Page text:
Organization stumbles into BYOD nightmare

Hat tip to investigation firm Rubin Thomlinson for bringing an illustrative British Columbia arbitration decision to my attention. The remarkable April 2019 case involves an iPhone wiped by an employee’s wife mid-investigation!

The iPhone was owned by the employer, but it set it up using the employee’s personal Apple ID. That is not uncommon, but the employer apparently did not use any mobile device management software. To enforce its rights, the employer relied solely on its mobile device (administrative) policy, which disclaimed all employee privacy rights and stipulated that all data on employer devices is employer-owned.

Problems arose after the employer received a complaint that the employee was watching his female colleagues. The complainants said the employee “might also be taking pictures” with his phone.

The employer met with the employee to investigate, and took custody of the phone. The employee gave the employer the PIN to unlock the phone, but then asked for the phone back because it contained personal information. The employer excluded the employee and proceeded to examine the phone, but did not finish its examination before the employee’s wife (who the employee had phoned) remotely wiped the phone and refused to restore it with backup data.

The employer terminated the employee for watching the complainants (though not necessarily taking their pictures) and for insubordination.

The arbitrator held that the employer did not prove either voyeurism or insubordination. In doing so, he held that the employer had sufficient justification to search the phone but that it could not rely on its mobile device policy to justify excluding the employee from the examination process and demanding the recovery of the lost data. Somewhat charitably, the arbitrator held that the employee ought to be held “accountable for failing to make an adequate effort to encourage his wife to allow for recovery of the data” and reserved his decision on the appropriate penalty.

The employer took far too much comfort from its ownership of the device. Given the phone was enabled by the employee’s personal Apple ID, the employer was faced with all the awkwardness, compromise and risks of any BYOD arrangement. Those risks can be partially mitigated by the use of mobile device management software. Policy should also clearly authorize device searches that are to be conducted with a view to the (quite obvious) privacy interest at stake.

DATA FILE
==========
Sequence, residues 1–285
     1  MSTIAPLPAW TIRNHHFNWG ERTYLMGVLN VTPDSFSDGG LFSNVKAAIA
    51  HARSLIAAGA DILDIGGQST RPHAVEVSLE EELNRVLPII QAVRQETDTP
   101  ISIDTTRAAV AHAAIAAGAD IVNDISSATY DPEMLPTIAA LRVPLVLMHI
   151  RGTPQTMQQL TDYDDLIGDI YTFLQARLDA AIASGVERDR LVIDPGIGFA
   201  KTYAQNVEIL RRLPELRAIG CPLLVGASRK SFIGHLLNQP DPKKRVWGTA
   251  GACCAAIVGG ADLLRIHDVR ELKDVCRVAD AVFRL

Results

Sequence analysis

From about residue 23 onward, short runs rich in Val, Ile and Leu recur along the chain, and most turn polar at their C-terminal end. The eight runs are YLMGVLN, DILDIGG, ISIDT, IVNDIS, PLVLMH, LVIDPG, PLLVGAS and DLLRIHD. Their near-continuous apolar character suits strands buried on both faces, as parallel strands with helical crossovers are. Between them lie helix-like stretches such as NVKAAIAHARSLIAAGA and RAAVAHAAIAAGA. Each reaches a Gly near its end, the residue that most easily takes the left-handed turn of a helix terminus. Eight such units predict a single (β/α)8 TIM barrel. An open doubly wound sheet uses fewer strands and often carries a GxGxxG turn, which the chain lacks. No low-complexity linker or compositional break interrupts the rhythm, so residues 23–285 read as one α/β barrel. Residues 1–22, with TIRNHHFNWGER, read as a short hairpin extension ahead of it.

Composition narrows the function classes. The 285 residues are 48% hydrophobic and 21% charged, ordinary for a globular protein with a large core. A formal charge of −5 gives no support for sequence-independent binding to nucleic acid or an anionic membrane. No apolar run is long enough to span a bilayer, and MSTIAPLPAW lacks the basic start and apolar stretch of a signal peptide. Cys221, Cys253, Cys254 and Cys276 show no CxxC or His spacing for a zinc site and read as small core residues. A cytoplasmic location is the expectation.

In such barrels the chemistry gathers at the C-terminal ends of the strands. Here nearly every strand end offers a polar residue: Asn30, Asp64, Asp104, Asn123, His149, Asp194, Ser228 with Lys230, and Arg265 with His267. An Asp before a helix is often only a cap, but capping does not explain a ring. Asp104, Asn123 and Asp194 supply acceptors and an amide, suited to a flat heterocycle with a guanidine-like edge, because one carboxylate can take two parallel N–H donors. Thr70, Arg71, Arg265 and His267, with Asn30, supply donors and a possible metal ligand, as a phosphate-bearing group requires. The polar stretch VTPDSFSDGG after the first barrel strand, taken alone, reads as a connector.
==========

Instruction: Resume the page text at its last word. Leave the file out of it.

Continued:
District of Houston v Canadian Union of Public Employees, Local 2086, 2019 CanLII 104260 (BC LA).

For Rubin Thomlinson’s more detailed summary of the case, please see here.

 

 

BC OIPC addresses network security and endpoint monitoring

Today, the Office of the Information and Privacy Commissioner for British Columbia held that the District of Saanich breached the British Columbia Freedom of Information and Protection of Privacy Act by installing endpoint monitoring software on employee workstations.

The District’s plan was not well conceived – apparently arising out of a plan to shore up IT security because the District’s new mayor was “experienced in the area of IT.”

The District installed a product called Spector 360 – a product billed as a “comprehensive user activity monitoring solution.” This is software that enables the collection of detailed data from “endpoints” on a network. It is not intrusion detection software or software that helps analyze events across a network (which the OPIC noted is in use at other British Columbia municipalities).

The District enabled the software on 13 workstations of “high profile users” to capture a full range of endpoint data, including screenshots captured at 30 second intervals and data about all keystrokes made. The purported purpose of this implementation was to support incident response, a purpose the OIPC suggested could only support an inadequate, reactive IT security strategy.

The OIPC held that the District collected personal information without the authorization it required under FIPPA and failed to notify employees as required by FIPPA. I’ll save on the details because the OIPC’s application of FIPPA is fairly routine. I will note that the OIPC’s position is balanced and seems to adequately respect institutions’ need to access system information for IT security purposes. It acknowledges, for example, that some limited data collection from endpoints is justifiable to support incident response. Not surprisingly, the OIPC does not endorse taking screen shots or collecting keystroke data.

Investigation Report F15-01, 2015 BCIPC No. 15.